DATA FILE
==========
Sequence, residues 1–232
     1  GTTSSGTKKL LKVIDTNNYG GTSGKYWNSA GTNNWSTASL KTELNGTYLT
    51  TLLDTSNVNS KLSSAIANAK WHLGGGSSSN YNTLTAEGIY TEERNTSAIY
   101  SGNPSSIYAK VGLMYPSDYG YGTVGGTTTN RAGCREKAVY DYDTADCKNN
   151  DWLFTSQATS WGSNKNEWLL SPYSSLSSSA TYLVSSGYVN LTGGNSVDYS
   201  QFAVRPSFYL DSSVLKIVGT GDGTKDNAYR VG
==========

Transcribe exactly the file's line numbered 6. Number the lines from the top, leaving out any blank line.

   201  QFAVRPSFYL DSSVLKIVGT GDGTKDNAYR VG